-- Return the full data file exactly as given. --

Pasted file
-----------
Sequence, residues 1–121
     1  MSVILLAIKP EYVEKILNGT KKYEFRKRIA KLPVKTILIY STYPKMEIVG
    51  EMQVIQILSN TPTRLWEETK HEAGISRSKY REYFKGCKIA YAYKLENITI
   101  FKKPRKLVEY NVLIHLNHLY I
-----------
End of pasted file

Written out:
Sequence, residues 1–121
     1  MSVILLAIKP EYVEKILNGT KKYEFRKRIA KLPVKTILIY STYPKMEIVG
    51  EMQVIQILSN TPTRLWEETK HEAGISRSKY REYFKGCKIA YAYKLENITI
   101  FKKPRKLVEY NVLIHLNHLY I